Jonathan Quinn is a double major in Finance and Business Economics and will graduate next spring. He interned this summer for Morgan Stanley as the Wealth Management Intern in Tucson, Arizona.
What was a typical day like? I’d come in at 7 AM/8 AM every single day and leave around 1 PM/2 PM. I’d briefly look at the market to see if any key events had taken place since I left the day before. After that, I would go to my team’s coordinator to see if there were any particular task that needed to be done. If there were, then I would complete them before going to my Portfolio Management Director and his partner, a Senior Portfolio Manager, to see if there were any projects I could do. Some projects I worked on this summer were: scenario analysis, portfolio analysis in favor of dividends, segmenting my advisor’s book of business to ensure we segmented it in an efficient manner that was logical, and conducted investments research through multiple research platforms including Barron’s, Wall Street Journal, and Center for Investment Excellence (CIE).
What was your favorite part of the experience? My favorite part was coming into the internship thinking I knew a lot about the Wealth Management industry and the capital markets, but being proved completely wrong and proved that I had a lot more to learn. I loved the aspect of continually coming in and having a new project to work on and really analyzing the behavioral aspect of investing within the market.
What did you find most challenging about your internship? The most challenging part was trying to understand that there are risks with investing, because you could theoretically lose thousands of dollars of one missed investment, so it was very important to understand how to minimize risk within a portfolio while maximizing returns and still making sure that we were prepared for any scenario that the economy presented.
What advice do you have for other students looking for a similar internship? Reach out to as many people as possible! Eller has a great team in the PDC who are great resources from interview prep, to resume reviews, and even providing you with available jobs that aren’t posted on Handshake. Always ask questions and make sure to meet with them periodically throughout the application process. Also, do a self-analysis to zone in on what you like to do and what you care about so that you look for jobs that fit your interest. After doing that start to look for these jobs and especially in locations you desire, and reach out to your personal connections to see if you know anyone within the industry because they can help introduce you to other people they work with for future employment opportunities.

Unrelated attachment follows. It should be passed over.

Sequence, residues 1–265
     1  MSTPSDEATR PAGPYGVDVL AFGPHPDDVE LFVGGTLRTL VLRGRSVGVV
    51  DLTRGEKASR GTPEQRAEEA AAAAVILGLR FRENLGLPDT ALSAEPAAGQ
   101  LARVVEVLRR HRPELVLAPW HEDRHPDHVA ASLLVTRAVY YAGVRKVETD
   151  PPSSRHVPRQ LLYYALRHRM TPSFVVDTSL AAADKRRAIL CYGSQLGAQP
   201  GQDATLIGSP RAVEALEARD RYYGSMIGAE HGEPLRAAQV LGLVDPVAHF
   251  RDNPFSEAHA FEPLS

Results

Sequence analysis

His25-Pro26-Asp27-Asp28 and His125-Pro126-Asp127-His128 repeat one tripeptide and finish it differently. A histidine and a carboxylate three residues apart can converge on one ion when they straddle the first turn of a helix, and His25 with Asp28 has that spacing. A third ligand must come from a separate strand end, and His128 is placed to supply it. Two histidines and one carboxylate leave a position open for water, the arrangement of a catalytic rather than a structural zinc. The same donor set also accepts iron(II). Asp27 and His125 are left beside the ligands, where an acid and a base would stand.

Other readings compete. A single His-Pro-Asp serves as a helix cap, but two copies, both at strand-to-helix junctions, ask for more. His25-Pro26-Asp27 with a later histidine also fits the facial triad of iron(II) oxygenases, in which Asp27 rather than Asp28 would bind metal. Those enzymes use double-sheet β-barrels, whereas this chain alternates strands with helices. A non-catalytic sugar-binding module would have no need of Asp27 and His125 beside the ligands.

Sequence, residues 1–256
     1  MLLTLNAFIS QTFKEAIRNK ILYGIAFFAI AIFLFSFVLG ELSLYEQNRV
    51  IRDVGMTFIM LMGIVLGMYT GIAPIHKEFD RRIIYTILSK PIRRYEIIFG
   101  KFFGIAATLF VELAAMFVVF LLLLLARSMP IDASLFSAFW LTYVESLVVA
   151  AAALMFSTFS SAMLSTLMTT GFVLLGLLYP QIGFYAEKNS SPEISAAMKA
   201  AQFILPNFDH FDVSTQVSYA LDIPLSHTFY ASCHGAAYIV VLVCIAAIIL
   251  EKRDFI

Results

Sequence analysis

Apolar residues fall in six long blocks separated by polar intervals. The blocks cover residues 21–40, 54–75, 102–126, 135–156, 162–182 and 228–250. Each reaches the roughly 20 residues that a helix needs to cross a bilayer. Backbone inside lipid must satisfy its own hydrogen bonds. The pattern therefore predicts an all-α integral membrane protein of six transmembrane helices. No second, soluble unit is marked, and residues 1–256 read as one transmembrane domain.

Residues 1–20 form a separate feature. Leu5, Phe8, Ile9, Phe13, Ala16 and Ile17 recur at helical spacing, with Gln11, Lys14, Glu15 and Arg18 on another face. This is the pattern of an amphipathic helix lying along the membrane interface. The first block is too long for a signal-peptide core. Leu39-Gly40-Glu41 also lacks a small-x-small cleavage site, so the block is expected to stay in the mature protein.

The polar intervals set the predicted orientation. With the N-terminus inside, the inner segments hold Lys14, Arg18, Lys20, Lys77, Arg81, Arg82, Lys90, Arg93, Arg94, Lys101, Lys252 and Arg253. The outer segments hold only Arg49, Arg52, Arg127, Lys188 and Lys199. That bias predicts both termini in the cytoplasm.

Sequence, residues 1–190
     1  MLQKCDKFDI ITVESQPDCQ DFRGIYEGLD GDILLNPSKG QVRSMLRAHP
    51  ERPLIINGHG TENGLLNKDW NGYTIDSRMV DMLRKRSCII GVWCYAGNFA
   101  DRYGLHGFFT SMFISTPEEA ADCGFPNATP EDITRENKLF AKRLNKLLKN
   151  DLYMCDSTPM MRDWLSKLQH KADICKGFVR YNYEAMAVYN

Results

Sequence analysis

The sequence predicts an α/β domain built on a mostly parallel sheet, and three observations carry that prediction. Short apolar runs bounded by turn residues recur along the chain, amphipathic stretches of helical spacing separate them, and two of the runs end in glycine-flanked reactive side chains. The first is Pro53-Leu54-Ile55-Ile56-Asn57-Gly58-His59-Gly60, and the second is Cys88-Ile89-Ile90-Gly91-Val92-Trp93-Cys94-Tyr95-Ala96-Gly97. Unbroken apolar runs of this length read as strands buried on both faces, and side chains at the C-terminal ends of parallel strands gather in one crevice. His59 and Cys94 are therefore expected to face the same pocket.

How did Eller prepare you for your internship? Eller helped me prepare to work with tight deadlines on multiple projects at once. I also learned how to work well with my advisory’s team due to all the group work we had been assigned in first and second semesters of Eller. My investments class helped me a lot with understanding how the capital markets work and in particular how to deal with scenario analysis to minimize our clients risk, while maximizing their returns on their portfolios. My Accounting 400C class helped me to understand how to read financial statements to understand the financial health of a company.
Did your internship employer provide housing or transportation assistance? No, my employer did not provide any housing or transportation assistance
Anything else you would like to share about your internship experience? Don’t let one application process affect your mindset. There are plenty of internships out there for really great companies just because you don’t get an internship for one company does not mean that you won’t find another company that likes you.